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NY Times Revelation: Fewer Actual Scripts in Porn Today

Internet-driven short attention spans mean the proliferation of plotless wall-to-wall sex scenes

NY Times Revelation: Fewer Actual Scripts in Porn Today

PORN VALLEY, Calif.The New York Times has discovered what the adult industry has known for the past several years: fewer and fewer porn films are scripted these days.

Of course, over the history of porn films, dialogue has always taken a back seat to hardcore action in the back seat—and everyplace else. And that was before the rise of the reality show, which has taken a toll on scripted entertainment in the mainstream media as well.

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Blame the internet, many adult industry experts say. As short scenes have proliferated on the web, pre-sex dialogue for set-ups is kept to a minimum.

"On the internet, the average attention span is three to five minutes,” Vivid Entertainment co-chairman Steve Hirsch told The Times. “We have to cater to that.”

Even Vivid has seen a good part of its content go short form, with little or no storylines at all, whereas three years ago most of its productions consisted of feature films.

"It’s almost like we’re back to the late ’70s or early ’80s, when the average movie was eight minutes and just a sex scene,” Hirsch said.

AVN Media Network President Paul Fishbein told the paper there are several factors at work, including the lower cost of video cams and porn makers with little interest in the plots from the days of yore—the elaborate scripts found in porn flicks ranging from vintage '70s classics such as Deep Throat and Behind the Green Door to goofy '80s movies such as Debbie Does Dallas.

Even the thinnest of plots held together a series of scenes in those older films, attempting to tell stories—though by the mid-'90s many releases were popping up that were just sex, sex and more sex, with little story, if any.

Fishbein told The Times the rise of DVDs as the viewing format of choice in the late '90s brought a return of actual storytelling in efforts to target women and couples for the home market. This culminated in recent years with films such as Digital Playground's 2005 Pirates of the Caribbean-inspired porn epic, Pirates, and its $8 million big-budget 2008 sequel, Stagnetti's Revenge, loaded with period costumes, special effects and, yes, acting. Wicked Pictures' Fallen also upped the ante with an actual layered storyline with narrative depth.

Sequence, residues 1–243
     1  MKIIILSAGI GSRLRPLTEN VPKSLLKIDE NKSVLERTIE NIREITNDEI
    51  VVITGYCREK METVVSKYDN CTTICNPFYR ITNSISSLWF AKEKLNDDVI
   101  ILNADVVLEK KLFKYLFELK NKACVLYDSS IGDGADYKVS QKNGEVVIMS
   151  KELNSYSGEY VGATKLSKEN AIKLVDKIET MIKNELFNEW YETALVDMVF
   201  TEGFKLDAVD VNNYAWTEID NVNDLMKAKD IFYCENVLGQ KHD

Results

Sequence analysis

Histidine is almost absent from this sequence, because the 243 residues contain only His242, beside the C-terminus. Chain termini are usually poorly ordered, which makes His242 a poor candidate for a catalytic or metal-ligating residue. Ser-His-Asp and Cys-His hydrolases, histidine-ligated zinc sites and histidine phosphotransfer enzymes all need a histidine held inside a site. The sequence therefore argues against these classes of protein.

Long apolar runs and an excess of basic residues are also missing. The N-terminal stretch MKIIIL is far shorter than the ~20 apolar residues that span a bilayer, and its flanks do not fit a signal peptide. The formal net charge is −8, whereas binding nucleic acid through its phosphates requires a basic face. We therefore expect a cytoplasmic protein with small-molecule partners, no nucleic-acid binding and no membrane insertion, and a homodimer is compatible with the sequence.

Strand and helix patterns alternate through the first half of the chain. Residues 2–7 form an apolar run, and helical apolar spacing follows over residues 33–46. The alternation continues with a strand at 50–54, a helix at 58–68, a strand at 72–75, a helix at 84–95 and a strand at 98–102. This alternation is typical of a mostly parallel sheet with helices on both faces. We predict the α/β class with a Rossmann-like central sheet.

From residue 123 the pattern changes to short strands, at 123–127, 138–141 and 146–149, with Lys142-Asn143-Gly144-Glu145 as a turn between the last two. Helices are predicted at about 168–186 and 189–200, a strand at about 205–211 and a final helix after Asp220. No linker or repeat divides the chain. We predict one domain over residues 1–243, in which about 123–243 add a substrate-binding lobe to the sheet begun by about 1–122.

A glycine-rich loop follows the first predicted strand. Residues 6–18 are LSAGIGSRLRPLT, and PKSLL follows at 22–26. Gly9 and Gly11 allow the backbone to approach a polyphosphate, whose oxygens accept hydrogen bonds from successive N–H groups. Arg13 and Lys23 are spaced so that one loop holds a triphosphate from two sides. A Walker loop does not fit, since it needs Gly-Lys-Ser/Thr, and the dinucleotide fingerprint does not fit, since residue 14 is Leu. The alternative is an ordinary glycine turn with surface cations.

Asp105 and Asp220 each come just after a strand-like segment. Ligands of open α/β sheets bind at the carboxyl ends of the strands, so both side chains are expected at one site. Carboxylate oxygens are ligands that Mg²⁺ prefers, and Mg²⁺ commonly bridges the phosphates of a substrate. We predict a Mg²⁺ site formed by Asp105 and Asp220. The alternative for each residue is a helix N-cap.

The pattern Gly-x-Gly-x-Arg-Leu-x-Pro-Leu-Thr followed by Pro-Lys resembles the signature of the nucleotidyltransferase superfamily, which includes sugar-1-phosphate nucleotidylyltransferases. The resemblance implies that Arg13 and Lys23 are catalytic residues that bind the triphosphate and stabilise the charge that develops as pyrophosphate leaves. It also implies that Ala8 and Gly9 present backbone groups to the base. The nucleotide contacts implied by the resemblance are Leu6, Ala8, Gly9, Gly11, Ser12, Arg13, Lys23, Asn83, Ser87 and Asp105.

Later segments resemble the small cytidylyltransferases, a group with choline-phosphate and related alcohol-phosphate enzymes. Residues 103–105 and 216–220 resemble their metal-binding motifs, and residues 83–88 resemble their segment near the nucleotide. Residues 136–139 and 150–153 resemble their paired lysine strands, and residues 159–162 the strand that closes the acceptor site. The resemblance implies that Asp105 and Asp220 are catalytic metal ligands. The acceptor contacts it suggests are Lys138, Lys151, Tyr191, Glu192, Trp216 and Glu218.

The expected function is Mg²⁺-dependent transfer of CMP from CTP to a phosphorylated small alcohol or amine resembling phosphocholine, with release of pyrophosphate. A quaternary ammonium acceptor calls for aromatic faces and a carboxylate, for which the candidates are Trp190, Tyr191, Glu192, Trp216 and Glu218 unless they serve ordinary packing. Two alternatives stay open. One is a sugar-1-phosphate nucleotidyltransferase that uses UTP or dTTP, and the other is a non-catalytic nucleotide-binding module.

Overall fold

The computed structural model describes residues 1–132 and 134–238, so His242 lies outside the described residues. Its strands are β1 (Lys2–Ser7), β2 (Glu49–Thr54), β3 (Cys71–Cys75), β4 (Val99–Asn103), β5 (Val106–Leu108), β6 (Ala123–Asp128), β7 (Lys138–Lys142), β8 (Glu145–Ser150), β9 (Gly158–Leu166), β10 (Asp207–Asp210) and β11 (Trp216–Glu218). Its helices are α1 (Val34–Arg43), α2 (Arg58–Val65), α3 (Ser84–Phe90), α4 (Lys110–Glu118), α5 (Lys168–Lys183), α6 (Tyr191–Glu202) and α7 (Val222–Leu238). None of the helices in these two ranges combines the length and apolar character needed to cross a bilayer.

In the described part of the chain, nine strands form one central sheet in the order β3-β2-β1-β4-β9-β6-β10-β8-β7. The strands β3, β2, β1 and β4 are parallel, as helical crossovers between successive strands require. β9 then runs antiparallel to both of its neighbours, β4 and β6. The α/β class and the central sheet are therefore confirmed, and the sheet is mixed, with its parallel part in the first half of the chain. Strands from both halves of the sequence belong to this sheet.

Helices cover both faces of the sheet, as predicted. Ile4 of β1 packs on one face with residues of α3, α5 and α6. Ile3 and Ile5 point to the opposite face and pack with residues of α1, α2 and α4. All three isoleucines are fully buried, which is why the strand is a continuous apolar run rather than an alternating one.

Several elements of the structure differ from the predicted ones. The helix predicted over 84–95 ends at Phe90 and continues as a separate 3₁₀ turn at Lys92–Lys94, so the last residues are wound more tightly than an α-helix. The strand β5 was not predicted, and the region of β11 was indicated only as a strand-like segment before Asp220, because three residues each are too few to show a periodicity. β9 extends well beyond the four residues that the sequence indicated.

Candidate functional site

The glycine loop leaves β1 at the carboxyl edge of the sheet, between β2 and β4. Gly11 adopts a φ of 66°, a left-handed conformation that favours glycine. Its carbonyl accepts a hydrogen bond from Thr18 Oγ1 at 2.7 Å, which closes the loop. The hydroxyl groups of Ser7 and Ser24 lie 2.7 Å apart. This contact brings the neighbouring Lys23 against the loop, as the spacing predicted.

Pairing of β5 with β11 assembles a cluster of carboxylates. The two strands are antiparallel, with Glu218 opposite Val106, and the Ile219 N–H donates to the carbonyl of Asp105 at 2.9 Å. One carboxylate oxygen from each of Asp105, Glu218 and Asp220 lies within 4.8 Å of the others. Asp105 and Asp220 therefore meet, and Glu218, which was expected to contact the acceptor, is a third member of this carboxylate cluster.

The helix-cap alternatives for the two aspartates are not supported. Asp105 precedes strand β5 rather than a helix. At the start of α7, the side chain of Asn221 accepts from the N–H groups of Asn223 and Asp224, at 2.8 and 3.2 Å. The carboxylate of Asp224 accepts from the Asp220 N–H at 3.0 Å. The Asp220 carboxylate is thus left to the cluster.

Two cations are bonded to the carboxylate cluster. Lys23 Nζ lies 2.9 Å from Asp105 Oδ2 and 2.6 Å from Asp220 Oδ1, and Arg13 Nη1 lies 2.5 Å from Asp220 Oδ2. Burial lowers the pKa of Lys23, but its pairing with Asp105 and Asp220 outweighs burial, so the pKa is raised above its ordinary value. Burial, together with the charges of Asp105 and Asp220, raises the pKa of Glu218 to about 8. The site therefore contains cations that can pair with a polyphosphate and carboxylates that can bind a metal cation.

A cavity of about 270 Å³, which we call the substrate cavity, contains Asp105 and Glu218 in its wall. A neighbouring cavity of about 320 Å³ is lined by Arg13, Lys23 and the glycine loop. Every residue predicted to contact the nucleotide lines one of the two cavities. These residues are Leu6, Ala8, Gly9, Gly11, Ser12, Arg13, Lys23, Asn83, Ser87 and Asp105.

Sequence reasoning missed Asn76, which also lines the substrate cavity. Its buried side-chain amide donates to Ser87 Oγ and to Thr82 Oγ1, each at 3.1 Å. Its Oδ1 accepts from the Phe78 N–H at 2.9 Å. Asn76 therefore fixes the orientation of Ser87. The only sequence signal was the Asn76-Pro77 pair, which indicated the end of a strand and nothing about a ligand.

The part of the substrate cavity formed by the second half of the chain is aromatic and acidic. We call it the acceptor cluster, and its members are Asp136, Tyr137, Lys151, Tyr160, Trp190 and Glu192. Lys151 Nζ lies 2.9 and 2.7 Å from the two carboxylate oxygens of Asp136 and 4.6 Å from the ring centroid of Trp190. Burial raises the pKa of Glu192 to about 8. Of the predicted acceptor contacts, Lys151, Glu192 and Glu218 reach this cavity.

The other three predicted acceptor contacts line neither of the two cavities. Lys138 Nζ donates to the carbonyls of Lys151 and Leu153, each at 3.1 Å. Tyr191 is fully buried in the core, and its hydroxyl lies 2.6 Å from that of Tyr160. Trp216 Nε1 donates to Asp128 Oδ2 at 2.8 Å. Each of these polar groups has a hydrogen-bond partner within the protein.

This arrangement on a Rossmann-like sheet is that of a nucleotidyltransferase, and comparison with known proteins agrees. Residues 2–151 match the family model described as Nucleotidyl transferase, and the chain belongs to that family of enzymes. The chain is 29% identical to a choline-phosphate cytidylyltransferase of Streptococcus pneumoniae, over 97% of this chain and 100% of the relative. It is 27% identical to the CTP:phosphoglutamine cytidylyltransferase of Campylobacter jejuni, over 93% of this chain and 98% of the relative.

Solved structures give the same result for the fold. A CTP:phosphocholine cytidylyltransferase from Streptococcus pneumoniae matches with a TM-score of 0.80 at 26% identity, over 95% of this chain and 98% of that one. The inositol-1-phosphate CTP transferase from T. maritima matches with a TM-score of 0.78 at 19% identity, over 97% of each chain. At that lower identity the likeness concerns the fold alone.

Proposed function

The past year has seen a slew of porn TV parodies as well, ranging from Star Trek (the original series) to The Cosby Show, all paying great attention to details in sets and costumes that stay fairly true to the source material, and even lifting bits of storylines.

But this hasn't stopped DVD sales from plunging roughly 50 percent from $3.63 billion three years ago, Fishbein told The Times. And the internet is again the culprit. As a result, major studios such as Vivid and Digital Playground have plumbed paysite operations online, while feature productions have taken a dip.

"The feature is not as big a part of the industry today,” said Wicked president Steve Orenstein, who told The Times about a third of its productions are now purely sex driven, without story.

But there's still a place for telling a tale while watching people get tail.

Wicked recently shot its upcoming sci-fi-ish 2040, a look at future porn with a classic boy-girl love story, almost—only in this case it's veteran porn star and a cyborg.

Even some porn performers—the ones who truly want to act as well—have noticed the shift to a plotless series of sex scenes, such as Savanna Samson, who told The Times she took acting seriously in roles such as her lead in 2006's Flasher.

"I used to have dialogue," Samson said. "Getting it on in one hardcore scene after another just isn’t as much fun."






Related Content:

Vivid Entertainment Group
Digital Playground
AVN Media Network
Wicked Pictures
Pirates
Fallen
Pirates 2: Stagnetti's Revenge
This Ain't Star Trek XXX
Not the Cosbys XXX
Paul Fishbein
Steve Hirsch
Steve Orenstein
Edward Duncan

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